Tag Archives: wedding photography

AsukaBook: Building the Perfect Wedding Book

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I am not a wedding photographer. I do not enjoy weddings, funerals or birthday parties featuring magicians and clowns. However, in my line of work one needs to try anything one, so when my brother requested that we shoot his wedding last July as their gift, I decided to bite the bullet. Personal goal: make my family happy by capturing a key event in their lives, especially after the loss of my father the previous week. Professional goal: produce a perfect wedding book with neither cost nor profit being the object.

Since I began working as a photographer, AsukaBook, a publisher who prints in Japan but is based out of Oregon, has appealed to me as an option for my first big portfolio book. They have a special opening offer to all professional photographers (you need a website, I think), to print the first book for 50% of regular cost. Fifty percent is significant when you consider that the cost of this book was going to be $525 for 40 pages originally; this is not small peanuts for a book, but fair when one considers that a quality, single print edition of anything has to be expensive to make it worth the time spent in production. In the end, after shipping, taxes and currency exchange, I will have spent a bit over $400 for the book. Worth it?

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I chose a large format of 12×12 inches for the book. I feel that this is a perfect print size for archival prints, and when you consider that this book lays flat for a full spread of 24×12 inches, it is quite impressive. I also went with matte finish, even though I prefer glossy metallics for my personal work. I was aiming for a Martha Stewart wedding look and her books from the 1990s often featured a matte finish to bring out an emotional feeling of polish.

As you can see from these few simple shots of the book, the colours are rich and the package is about as high quality as could be conceived. I would caution any would be professionals to be aware that their small point and shoot or Unlce Louis’ dslr are not going to cut it, at least not straight from the camera. A large portion of what I do relates to post-production of the images, colour syncing to a particular palette, retouching and layout. I was unable to use AsukaBook’s proprietary software, so I had to lay out the book in Adobe’s InDesign CS6. If you are not regularly working on large publications, which I do for my school, then this might kill you. For me, it worked fairly smoothly and I was happy to have tech support question a few of my bleed choices in final production.

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The pages a almost a foam core style of thickness, and this makes for a seriously heavy book that feels akin to a Bible of coffee table masterpiece. I have seen nothing like this in small print production before, and it screams of quality in design. The wraparound cover and hard case allow for custom design – I went for two different photos on the actual book, and a full wrap of the case that shows a field shot: unique and compelling.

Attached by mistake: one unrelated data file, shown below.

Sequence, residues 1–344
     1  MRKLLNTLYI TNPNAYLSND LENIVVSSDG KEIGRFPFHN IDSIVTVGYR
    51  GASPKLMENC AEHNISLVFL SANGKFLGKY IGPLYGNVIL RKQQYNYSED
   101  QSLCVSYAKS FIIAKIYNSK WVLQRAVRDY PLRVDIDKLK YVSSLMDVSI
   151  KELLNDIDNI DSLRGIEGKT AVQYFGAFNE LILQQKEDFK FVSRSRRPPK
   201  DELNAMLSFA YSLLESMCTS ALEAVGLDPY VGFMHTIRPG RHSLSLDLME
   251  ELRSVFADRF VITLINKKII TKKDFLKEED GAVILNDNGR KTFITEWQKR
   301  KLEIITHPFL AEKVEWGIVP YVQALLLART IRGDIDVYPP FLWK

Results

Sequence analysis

So it only took me 6 months to scan the Kodak Porta film, process the photos, lay the book out and get it back in the post. Would I do it again? Nope. Never. Doubt it. The book was gorgeous and flawless, but I would never make any money unless I charged about $5000 to shoot a wedding, and the only take away would be the digital negatives and this book. The time it took, and the behind the scenes work make weddings tough to work for profit unless you are constantly working through the exact same workflow, and you outsource the tedious work to others, which I just refuse to do.

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The real question will be whether the couple like it, love it or hate it. I just put the dvds and the book into the shipping box to be mailed tomorrow back to Prince Edward Island. If you want to see this masterpiece for yourself, then I am certain they will be inviting friends and family over to relive their happiest of happy days.

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A Tale of Two Islands: Scanning the West Coast Trail and Weddings

 

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I have been missing in action. Since Thanksgiving the influenza has had me in a deadly grip. Four weeks is too long to be sick with anything when your body is in the best shape it has ever been in, but this year’s flu turned to walking pneumonia and then a sinus infection. Many of my favourite activities, such as writing, ┬áhad to be forsaken so that I could manage my daily work while still managing to spend quality time with my family and friends. I never underestimate how valuable my good health is, but it always shakes me a bit when a simple virus lays me on the floor for so long. But I digress…where was I? The West Coast Trail and my brother’s wedding photography is finally entering the scanning process, and the film negatives appear to be co-operating.